It is possible to prevent such accident by creating self-powering systems that rely on the energy produced by the pant. This will require thermo acoustic sensors that operate without relying on external power sources. Such a system will ensure that the cooling process is not interrupted by power supplies or tsunamis, which was the case in the Japanese nuclear accident. What is more, the Nuclear Regulatory Commission should find the new information relating to new hazards and incorporate modern risk concepts in the safety requirements (Hindmarsh, 2013). The nuclear plants should also be designed in a manner that withstands crisis, such as equipment failure and the inability to cool the reactor core.

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The Nuclear Regulatory Commission has considered the use of accident tolerant fuels, which enhance accident tolerance compared to standard fuels. They will be effective in tolerating the loss of active cooling for a longer time. In fact, the Japanese nuclear accident would not have been as severe, if such fuel was used. Engineers are resorting to the use of obsidian-like glass, which locks in radioactive material and renders it inert (Ishikawa, 2015). This is safer and more effective compared to the concrete used in the standard methods.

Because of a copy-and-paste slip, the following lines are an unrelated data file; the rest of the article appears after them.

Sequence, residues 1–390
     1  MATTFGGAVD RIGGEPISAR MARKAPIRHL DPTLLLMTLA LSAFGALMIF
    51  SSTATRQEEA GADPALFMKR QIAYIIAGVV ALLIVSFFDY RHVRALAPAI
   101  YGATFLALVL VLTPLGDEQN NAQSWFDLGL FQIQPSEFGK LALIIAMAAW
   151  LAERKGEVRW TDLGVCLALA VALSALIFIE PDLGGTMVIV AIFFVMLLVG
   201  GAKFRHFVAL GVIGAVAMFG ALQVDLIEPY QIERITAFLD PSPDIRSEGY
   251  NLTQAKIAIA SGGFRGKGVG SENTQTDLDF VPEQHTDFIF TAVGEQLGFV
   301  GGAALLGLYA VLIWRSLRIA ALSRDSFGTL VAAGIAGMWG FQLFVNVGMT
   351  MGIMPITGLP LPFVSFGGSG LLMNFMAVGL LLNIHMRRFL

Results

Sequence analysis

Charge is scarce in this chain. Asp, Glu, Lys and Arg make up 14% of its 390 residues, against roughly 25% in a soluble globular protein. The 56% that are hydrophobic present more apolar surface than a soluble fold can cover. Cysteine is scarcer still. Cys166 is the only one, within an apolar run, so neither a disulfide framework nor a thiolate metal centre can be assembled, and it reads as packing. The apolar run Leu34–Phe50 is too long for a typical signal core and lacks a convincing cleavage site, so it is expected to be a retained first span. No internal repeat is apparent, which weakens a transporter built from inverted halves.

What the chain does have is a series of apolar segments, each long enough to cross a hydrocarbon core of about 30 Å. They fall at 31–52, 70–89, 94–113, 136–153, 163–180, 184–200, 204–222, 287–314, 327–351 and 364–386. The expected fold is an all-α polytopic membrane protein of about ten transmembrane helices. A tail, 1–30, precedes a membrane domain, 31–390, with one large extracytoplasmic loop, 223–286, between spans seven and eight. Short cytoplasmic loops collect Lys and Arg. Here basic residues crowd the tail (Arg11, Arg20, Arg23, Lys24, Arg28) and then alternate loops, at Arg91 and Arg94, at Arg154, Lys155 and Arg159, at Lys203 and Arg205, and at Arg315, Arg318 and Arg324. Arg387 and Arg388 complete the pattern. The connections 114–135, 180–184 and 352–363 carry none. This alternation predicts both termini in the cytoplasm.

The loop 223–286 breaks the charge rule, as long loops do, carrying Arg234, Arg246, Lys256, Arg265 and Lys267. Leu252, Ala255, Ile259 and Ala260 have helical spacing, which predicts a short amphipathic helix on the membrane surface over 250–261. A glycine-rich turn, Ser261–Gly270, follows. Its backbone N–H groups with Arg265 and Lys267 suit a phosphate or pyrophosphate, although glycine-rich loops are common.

Ramifications of the Overall Incidents

The nuclear accident, which caused a number of human sufferings and ramifications, will continue to unfold in the future. The radioactive substances caused mental strain and solid cancer diseases. One of the diseases that have shown an uptick is thyroid cancer because radioactive iodine from the accident concentrates in the thyroid gland (Ishikawa, 2015). The accident also altered Japan’s energy supply, which had a significant impact on the energy mix. All six nuclear reactors were decommissioned leaving the country with a gaping hole in the energy mix. Japan thus resorted to using alternative energy sources such as shale gas and renewable energy (Ishikawa, 2015).

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In addition, the accident caused long-term contamination of food, water, and dairy products, even though the government has been taking decontamination measures. The radioactive levels had surpassed the legal limits. As a result, many countries barred the importation of Japanese foods, which has affected the country’s balance of payments. Another ramification is the great dispersion of radioactive elements after radioactive water leaked into the sea (Ishikawa, 2015). In fact, the Fukushima has some of the world’s strongest currents. This increases the likelihood that the currents transported contaminated water in the Pacific Ocean.

Conclusion

The Japanese nuclear accident caused a plume of radiation and a huge social crisis, as huge amounts of radioactivity were released in the environment. The main challenge was to keep the reactors cool to prevent nuclear meltdown, which would release radiations. The efforts to cool the system were futile thus causing the accident. However, the disastrous meltdowns would have been presented, if the safety and disaster response was proactive and well-organized. The accident has long lasting ramifications such as food contamination and an interaction of energy supply. Even though there are safety measures aimed at avoiding such an incident in future, perfect safety cannot be guaranteed.